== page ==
Antivenom in Dallas Zoo

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Lauren Kim, 6th Grade, Contributor

There’s been snakebites worldwide, but the question is: “Is there a cure?” Yes, there is something called antivenom that the Dallas Zoo has been purchasing after a man in Texas got struck by a venomous snake’s mouth. The Dallas Zoo especially has a high number of venomous snakes in its cages, so they have a large supply of antivenom just in case as well.  Some people don’t necessarily realize that the snakes are more venomous and hurtful than they think, so they antagonize the snakes. This causes them to be bitten. Hospitals mainly store antivenom for common snakebites, but when people get an unfamiliar snakebite the Dallas zoo is rung up to send antivenom through transportation such as police or a special service.

What’s interesting is there are different antivenoms for different species of snakes.  Antivenom is expensive, up to thousands of dollars for a small one-time use vial. For example, since bites from Asian snakes are less powerful, the antivenom doesn’t have to be very strong, so it is only $200. But Australian snakes are more venomous so the result is just one vial costing $2,500. The Dallas zoo has around $200,000 worth of antivenom (thousands of vials) in their small antivenom fridge. It could be up to even 30 vials (in intense cases) of antivenom that a patient could need at a time. The latest incident that required antivenom was in January 2015 when a man actually got bitten by his own African bush viper- an exotic snake with no antivenom to treat it. Luckily, due to research and testing, some antivenoms meant for a different snake could be used to treat a bite from another snake.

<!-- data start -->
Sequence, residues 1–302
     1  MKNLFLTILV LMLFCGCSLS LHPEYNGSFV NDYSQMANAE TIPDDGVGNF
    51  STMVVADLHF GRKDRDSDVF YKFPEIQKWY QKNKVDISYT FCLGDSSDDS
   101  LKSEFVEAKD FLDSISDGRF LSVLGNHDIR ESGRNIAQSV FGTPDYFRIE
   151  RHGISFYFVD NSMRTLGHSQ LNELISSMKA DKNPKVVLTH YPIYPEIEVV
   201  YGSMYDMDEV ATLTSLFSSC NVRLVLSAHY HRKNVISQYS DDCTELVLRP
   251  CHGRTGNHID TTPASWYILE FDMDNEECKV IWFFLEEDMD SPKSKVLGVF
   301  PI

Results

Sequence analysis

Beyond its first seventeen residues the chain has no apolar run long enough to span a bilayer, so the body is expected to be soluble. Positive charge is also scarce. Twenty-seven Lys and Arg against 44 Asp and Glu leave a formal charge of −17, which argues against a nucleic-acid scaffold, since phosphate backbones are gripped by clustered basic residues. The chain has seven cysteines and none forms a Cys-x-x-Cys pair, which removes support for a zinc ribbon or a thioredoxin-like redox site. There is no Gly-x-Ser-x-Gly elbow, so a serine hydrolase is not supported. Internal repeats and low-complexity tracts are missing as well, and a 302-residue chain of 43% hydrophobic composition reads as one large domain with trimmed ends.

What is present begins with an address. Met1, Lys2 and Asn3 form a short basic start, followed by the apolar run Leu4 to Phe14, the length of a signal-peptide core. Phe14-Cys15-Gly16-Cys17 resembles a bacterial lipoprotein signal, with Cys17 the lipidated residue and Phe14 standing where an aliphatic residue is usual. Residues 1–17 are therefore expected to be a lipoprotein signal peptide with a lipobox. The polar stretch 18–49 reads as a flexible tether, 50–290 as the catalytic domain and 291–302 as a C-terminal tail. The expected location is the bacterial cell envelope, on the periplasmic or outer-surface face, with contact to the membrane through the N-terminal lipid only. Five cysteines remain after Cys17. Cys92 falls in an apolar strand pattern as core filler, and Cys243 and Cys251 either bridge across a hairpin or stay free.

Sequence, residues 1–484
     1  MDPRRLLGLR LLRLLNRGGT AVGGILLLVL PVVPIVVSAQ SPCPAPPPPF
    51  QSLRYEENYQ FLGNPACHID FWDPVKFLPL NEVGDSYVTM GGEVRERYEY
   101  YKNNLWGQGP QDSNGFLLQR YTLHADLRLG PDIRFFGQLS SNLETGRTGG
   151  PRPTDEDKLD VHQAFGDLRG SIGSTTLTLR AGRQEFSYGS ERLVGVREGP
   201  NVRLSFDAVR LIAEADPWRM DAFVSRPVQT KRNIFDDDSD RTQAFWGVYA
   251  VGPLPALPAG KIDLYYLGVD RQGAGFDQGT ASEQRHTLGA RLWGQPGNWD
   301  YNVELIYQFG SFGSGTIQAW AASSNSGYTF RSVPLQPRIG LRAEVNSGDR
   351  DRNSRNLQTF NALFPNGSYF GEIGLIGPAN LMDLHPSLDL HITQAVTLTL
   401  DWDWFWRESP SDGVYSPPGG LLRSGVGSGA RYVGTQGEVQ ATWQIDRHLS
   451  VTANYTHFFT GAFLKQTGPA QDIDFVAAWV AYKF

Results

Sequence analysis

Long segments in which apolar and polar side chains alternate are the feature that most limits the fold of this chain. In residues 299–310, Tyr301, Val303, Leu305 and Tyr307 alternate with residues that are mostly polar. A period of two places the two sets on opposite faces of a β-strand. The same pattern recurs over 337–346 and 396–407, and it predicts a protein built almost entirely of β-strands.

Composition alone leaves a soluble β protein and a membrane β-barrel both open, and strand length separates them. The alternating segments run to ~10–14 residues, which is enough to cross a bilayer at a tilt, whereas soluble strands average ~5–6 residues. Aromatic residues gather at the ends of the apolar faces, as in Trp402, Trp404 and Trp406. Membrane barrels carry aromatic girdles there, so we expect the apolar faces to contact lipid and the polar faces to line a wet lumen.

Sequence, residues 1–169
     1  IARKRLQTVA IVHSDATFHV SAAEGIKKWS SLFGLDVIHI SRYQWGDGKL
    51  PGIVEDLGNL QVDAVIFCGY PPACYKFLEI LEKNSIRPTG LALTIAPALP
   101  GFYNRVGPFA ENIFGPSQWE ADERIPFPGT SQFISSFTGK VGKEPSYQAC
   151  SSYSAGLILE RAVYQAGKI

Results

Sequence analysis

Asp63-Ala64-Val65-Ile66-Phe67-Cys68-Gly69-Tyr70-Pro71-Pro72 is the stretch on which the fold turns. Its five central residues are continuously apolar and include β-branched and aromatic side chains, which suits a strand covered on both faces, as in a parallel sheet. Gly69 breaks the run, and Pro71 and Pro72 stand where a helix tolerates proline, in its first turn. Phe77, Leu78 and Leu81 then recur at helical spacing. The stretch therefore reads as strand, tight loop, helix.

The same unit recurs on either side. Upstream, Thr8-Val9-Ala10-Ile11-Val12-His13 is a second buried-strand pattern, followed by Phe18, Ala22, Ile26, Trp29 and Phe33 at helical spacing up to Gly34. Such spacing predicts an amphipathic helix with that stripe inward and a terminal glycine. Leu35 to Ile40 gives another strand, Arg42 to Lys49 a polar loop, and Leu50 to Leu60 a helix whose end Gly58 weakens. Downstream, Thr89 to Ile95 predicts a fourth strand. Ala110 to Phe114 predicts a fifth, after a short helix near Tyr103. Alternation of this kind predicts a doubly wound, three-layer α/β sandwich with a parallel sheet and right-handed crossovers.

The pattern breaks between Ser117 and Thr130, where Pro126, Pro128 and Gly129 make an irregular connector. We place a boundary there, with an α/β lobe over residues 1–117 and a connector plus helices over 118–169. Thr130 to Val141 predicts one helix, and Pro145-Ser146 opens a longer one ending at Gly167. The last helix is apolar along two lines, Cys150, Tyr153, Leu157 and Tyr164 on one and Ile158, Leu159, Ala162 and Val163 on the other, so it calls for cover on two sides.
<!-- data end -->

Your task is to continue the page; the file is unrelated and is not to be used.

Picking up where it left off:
The Dallas zoo has about 90 species of snakes, and 65 are venomous. The entire staff committee is taught how to handle venomous snakes, and where each                       handler is working with snakes, there is a red button to press called the “snakebite alarm” just in case if the handler gets bitten and needs emergency service. Though, these red buttons aren’t used very often, as there have only been 3 snakebites which weren’t venomous throughout the whole 127 year history of the Dallas zoo.

There is a long process to make the antivenom, which includes the venom itself. A normal snake can be milked every two weeks. First, the snake is held gently between the pointer finger and thumb, applying mellow pressure to it’s body. The pressure causes the snake to bite a glass funnel so that the venom slides down into a vial. The venom is inserted into a healthy animal (horse or sheep) and a few months are waited. The animal’s system will produce antibodies to protect against the venom over the course of the months. Finally, the some of the animal’s blood is drawn with the antibodies, and there is the antivenom.

Even though there is an antidote to venomous snake bites, people should still never, never tease a snake of any kind or do anything to make it want to bite you.